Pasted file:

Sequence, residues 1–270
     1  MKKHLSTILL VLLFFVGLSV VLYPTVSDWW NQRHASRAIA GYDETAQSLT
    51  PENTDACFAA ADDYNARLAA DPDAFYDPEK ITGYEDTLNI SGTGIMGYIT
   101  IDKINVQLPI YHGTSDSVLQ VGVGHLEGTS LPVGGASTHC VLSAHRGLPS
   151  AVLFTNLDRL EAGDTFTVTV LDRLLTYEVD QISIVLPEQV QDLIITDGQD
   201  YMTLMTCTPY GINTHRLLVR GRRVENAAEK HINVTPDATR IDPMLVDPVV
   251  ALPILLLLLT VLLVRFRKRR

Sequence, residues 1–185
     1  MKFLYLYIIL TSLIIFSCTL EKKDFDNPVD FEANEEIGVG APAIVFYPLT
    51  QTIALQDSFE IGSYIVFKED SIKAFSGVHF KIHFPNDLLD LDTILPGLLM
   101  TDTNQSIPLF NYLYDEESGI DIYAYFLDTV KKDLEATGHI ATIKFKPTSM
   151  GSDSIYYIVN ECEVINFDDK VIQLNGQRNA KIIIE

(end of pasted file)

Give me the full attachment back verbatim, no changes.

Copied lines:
Sequence, residues 1–270
     1  MKKHLSTILL VLLFFVGLSV VLYPTVSDWW NQRHASRAIA GYDETAQSLT
    51  PENTDACFAA ADDYNARLAA DPDAFYDPEK ITGYEDTLNI SGTGIMGYIT
   101  IDKINVQLPI YHGTSDSVLQ VGVGHLEGTS LPVGGASTHC VLSAHRGLPS
   151  AVLFTNLDRL EAGDTFTVTV LDRLLTYEVD QISIVLPEQV QDLIITDGQD
   201  YMTLMTCTPY GINTHRLLVR GRRVENAAEK HINVTPDATR IDPMLVDPVV
   251  ALPILLLLLT VLLVRFRKRR

Sequence, residues 1–185
     1  MKFLYLYIIL TSLIIFSCTL EKKDFDNPVD FEANEEIGVG APAIVFYPLT
    51  QTIALQDSFE IGSYIVFKED SIKAFSGVHF KIHFPNDLLD LDTILPGLLM
   101  TDTNQSIPLF NYLYDEESGI DIYAYFLDTV KKDLEATGHI ATIKFKPTSM
   151  GSDSIYYIVN ECEVINFDDK VIQLNGQRNA KIIIE